Bosco Verticale: The Milan High Rise that Started a Green Revolution

Stay up to date on the latest in BIM, Revit, and Architecture.

Stay up to date on the latest in BIM, Revit, and Architecture.

Bosco Verticale: The Milan High Rise that Started a Green Revolution

Sarah Lambert


You’ve heard of tree houses, but what about tree skyscrapers?

Bosco Verticale, also known as the “Vertical Forest” is a pair of residential towers in Milan, Italy conceived as a “home for trees that also houses humans and birds.”

Designed by Stefano Boeri Architects and completed in 2014, Bosco Verticale received international recognition and accolades for its innovative design and masterfully executed sustainability. It continues to inspire green-minded architects around the world.

Planting a Forest in the City

Boeri proposed the towers back in 2007, envisioning "a new format of architectural biodiversity" that focuses on the relationship between human beings and other living things, rather than prioritizing human needs. He aimed to improve the quality of life for city residents while reducing the environmental impact of high rise buildings. So strong was his belief in the project’s widespread benefits that he never registered copyrights for the designs, hoping the completed building would prove concept and be replicated in other cities. 

In 2009 the project received funding from the curious Italian government and broke ground in 2010. The building, formerly the site of an artist-occupied industrial building, was completed in 2014 and opened to residents in 2015. One major time-consuming activity of the construction process: determining the delicate alchemy of vegetation. Over two years of observation and testing yielded the ideal selection of hearty trees and plants able to withstand the very unique living conditions. 


The towers stand 361 feet and 262 feet tall and between them house 800 trees, 15,000 plants, and approximately 900 people (not to mention over 1600 species of birds and butterflies). It became the first building of its kind to have this level of tree integration, equivalent to more than 215,000 square feet of forestland. The vegetation helps create a “green curtain" that regulates humidity, produces 19 tons of oxygen, and absorbs 30 tons of Co2 and microparticles each year.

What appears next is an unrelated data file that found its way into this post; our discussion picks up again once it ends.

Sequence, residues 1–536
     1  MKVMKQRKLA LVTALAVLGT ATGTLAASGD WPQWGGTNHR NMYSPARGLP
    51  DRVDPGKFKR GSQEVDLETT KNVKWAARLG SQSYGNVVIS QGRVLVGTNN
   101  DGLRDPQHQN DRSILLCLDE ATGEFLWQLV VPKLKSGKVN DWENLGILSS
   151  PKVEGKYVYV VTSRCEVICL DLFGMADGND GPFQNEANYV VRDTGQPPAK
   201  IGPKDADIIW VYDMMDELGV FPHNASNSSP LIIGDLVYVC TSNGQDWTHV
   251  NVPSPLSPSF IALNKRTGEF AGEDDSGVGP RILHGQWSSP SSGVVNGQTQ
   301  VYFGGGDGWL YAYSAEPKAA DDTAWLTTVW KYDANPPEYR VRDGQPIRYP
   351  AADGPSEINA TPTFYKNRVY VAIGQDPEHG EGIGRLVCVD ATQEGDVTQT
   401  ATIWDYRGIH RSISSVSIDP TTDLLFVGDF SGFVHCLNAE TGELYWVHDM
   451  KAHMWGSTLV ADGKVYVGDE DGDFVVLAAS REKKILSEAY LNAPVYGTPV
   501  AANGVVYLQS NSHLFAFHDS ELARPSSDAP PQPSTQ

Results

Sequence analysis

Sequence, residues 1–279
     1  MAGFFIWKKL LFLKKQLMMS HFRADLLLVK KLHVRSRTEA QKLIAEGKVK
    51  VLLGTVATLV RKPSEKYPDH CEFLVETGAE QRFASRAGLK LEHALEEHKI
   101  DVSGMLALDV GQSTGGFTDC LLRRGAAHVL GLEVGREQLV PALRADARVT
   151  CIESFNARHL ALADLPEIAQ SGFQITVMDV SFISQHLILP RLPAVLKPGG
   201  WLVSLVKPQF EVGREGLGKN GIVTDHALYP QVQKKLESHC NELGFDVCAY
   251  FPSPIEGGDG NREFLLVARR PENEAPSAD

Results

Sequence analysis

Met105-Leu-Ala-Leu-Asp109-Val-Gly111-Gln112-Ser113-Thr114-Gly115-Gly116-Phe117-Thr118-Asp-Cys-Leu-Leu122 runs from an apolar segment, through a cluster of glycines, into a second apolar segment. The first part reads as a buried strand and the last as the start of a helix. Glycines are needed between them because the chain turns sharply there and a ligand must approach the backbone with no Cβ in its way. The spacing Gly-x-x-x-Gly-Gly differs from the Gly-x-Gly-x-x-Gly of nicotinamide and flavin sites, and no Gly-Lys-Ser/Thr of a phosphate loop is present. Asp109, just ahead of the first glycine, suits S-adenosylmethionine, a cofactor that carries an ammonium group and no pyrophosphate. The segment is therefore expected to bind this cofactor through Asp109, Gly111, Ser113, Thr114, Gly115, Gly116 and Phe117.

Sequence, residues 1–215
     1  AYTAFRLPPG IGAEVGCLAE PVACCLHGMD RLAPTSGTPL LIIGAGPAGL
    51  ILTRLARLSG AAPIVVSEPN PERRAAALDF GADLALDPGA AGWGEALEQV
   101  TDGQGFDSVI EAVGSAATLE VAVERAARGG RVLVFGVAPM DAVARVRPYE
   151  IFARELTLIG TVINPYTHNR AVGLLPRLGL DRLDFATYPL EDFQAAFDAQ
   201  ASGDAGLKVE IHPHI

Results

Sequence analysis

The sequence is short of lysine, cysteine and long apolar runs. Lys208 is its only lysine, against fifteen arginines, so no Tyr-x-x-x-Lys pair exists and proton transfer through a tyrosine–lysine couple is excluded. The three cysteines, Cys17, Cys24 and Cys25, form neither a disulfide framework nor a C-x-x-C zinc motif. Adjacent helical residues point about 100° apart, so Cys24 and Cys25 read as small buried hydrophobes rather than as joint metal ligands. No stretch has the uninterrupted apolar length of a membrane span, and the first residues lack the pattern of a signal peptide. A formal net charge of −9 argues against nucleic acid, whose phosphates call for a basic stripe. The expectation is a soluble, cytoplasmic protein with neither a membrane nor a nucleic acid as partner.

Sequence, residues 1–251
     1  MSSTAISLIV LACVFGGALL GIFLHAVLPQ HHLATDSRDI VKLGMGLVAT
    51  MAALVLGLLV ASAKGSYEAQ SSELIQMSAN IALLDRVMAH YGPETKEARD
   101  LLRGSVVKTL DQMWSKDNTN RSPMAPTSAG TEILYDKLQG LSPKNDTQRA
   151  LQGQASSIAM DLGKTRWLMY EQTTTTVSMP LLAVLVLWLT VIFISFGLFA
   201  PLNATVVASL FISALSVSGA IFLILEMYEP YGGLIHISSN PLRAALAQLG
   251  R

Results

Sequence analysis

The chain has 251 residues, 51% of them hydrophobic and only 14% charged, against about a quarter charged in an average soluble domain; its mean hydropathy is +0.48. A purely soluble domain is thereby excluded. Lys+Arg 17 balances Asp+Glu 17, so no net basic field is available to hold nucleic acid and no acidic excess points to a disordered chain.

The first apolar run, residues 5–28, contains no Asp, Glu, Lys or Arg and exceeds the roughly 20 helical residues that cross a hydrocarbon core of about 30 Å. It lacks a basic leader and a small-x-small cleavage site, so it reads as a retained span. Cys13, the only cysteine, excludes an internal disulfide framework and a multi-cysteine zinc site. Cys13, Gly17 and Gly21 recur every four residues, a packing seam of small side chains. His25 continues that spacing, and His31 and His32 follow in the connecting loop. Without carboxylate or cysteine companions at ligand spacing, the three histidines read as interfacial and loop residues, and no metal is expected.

A truly remarkable building feat is the advanced and energy-reducing irrigation and ventilation systems. Mountaineering arborists known as “Flying Gardeners” scale the buildings and tend to the vegetation once a year, pruning and removing any struggling plants. Otherwise, the plants are monitored remotely and digitally. 


Source: Stefano Boeri Architecture


Source: We Build Value

The Poster Child for Green Architecture

Boeri can’t claim building the first ever green high rise, but his work on Bosco Verticale did secure him the title of “the most famous name in green architecture,” according to Architectural Digest. Since Bosco Verticale’s completion, tens of green-clad structures have sprung up in major cities around the globe. Boeri himself has designed dozens more plant-festooned high rises. As of 2020, he’s working on a Smart Forest City in Cancun, Mexico. 

Leveraging the authority that Bosco Verticale’s legacy has bestowed upon him, Boeri has also penned an “Urban Forestry Manifesto,” calling on architects, urban planners, and real estate developers, among others, to multiply the presence of forests and trees in our cities through new parks, community gardens, and, of course, legislature. 

As for now, Bosco Verticale has achieved the goal that Boeri set before it: a beautiful and steadfast prototype to usher in a future of architecture harmonious with nature. "There will be architects and urban planners who realize buildings, with the same philosophy, that will be better than what we've done," he said. "It's already happening. I'm very happy to see that."


Source: Stefano Boeri Architects